Planning a move to Australia?
Whether you’re moving to Australia to live, work or study, HSBC can help make your move easier.
Australia is the land of opportunity, but it makes sense to do your homework before you make the move over. Start with our checklist of the practical stuff.
Things to think about before you arrive
Visas and immigration
You can find out all you need to know if you want to visit, work, study or live in Australia from the Australian Government Department of Immigration and Citizenship.
The education system in Australia is open to anyone with the right entry requirements. School is compulsory for all children aged five to fifteen, with some age variation between states. Government-provided public schools are free, while private schooling provided by churches is fee-based.
Higher education positions are awarded first to those judged most likely to succeed. Some students start when they finish school, while others begin as an adult.
Many employers provide training that helps their employees do their job, though many people study purely for their own interest.
Australia is a healthy nation, thanks in part to quality housing, water and sanitation, and an adequate supply of food and medicines. Health care follows western traditions, with technical and scientific skills used to prevent and treat ill health.
In an effort to keep up standards, you can expect to be subject to a health check if you’re coming to live in Australia.
Australian cities offer a wide range of housing options, from single suburban houses on a block of land to high-rise flats in an inner city. Australians often choose to rent before they decide where and what to buy.
House prices vary considerably between cities and within cities. Many people are attracted to the suburbs of the state capitals, by their easy proximity to schools, community facilities and leisure areas.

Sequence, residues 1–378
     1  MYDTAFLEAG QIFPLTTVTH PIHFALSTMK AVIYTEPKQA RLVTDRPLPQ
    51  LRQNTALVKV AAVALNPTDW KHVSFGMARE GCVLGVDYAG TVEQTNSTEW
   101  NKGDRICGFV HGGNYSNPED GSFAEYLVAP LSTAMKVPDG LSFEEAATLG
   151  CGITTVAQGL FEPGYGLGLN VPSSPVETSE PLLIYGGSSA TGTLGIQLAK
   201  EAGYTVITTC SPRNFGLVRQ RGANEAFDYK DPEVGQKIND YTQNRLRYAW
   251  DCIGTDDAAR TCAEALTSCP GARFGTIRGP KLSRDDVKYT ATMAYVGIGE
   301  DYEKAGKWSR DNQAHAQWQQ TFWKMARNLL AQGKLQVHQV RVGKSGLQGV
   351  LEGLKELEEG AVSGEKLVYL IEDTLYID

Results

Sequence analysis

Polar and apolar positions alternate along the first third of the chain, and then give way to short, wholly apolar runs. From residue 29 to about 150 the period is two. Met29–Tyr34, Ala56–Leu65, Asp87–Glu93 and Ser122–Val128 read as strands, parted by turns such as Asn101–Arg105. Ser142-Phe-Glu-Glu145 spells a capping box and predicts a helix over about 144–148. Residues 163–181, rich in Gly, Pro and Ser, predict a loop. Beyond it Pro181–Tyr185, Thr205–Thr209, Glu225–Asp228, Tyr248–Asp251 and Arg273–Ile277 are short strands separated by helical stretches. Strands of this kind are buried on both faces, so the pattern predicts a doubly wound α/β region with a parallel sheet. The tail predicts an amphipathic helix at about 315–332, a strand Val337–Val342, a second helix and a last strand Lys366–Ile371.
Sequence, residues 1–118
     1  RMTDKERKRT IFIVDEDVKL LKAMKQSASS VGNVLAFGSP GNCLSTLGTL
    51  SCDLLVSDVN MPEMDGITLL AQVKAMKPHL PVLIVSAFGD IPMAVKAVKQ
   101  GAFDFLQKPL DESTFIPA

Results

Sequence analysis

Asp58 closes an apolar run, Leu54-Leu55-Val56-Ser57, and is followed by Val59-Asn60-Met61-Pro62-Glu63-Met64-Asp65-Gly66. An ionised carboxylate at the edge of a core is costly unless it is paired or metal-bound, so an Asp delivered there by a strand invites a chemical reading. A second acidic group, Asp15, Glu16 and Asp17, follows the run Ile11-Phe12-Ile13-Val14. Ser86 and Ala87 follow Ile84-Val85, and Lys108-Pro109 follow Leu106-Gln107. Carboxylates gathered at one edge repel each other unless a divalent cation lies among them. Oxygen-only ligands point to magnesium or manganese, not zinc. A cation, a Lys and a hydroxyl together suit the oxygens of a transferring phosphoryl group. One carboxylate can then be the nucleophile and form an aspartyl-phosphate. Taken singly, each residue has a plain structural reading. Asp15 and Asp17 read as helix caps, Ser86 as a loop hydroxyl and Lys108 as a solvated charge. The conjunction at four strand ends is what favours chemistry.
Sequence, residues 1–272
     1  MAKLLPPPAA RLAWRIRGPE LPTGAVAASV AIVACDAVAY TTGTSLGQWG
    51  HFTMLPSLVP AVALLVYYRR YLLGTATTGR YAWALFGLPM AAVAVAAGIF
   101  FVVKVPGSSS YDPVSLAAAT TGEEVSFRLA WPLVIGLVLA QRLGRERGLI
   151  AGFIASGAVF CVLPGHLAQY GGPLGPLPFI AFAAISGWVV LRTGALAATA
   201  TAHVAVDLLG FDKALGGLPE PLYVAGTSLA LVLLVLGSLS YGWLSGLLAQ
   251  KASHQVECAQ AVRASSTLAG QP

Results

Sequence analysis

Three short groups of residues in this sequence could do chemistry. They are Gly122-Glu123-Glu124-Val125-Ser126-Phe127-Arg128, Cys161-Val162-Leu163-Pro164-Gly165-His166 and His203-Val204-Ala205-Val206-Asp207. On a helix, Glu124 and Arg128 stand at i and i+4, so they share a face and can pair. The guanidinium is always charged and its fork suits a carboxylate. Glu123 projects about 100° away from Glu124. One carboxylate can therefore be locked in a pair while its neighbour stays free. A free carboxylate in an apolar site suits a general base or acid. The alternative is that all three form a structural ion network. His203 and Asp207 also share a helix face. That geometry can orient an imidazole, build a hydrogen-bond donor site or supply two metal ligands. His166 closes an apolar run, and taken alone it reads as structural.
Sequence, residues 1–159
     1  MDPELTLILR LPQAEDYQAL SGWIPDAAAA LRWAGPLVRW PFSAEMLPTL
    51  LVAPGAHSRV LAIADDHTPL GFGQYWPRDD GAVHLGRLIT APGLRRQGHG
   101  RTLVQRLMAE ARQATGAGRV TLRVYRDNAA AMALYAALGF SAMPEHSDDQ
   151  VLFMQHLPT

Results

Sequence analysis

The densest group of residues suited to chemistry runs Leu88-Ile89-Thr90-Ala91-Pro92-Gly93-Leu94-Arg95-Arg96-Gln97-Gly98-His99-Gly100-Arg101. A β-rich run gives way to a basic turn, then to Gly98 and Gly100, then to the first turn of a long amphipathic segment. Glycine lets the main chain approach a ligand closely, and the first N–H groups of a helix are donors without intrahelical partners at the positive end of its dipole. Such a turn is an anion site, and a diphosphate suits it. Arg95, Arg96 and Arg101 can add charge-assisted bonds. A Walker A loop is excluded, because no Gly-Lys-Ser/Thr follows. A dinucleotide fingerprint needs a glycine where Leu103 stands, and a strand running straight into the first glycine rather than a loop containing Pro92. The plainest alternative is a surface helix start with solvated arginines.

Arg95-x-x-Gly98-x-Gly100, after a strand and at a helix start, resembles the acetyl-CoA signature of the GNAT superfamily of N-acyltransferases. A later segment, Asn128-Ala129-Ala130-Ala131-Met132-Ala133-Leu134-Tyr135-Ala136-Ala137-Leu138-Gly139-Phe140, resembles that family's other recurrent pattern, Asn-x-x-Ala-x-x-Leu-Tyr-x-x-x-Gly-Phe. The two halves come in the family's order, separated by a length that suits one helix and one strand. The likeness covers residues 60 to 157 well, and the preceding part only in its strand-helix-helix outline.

Country towns and regional cities are smaller and widely separated. Life in a country town is more relaxed and less expensive than in a big city.
Australia is a vast nation with many cities and towns separated by long distances. Public transport is easy to find and good value, although most people have their own car or motor bike.
Walking and cycling are also popular options, although hitchhiking is no longer regarded as a safe means of getting around.
The Australian labour market can be very competitive. So how quickly you can find a job depends on economic factors, qualifications and skills, and the availability of certain types of work in different parts of the country.
The government sets laws on wages and work conditions. They determine, among other things, the amount paid to an employee, the hours worked and conditions such as safety, leave, training, anti-discrimination and more.
Remember that approval to migrate does not guarantee you a job. So if you don’t have a position waiting for you (or an extensive income to support yourself), providing your visa allows it you’ll need to look for work.
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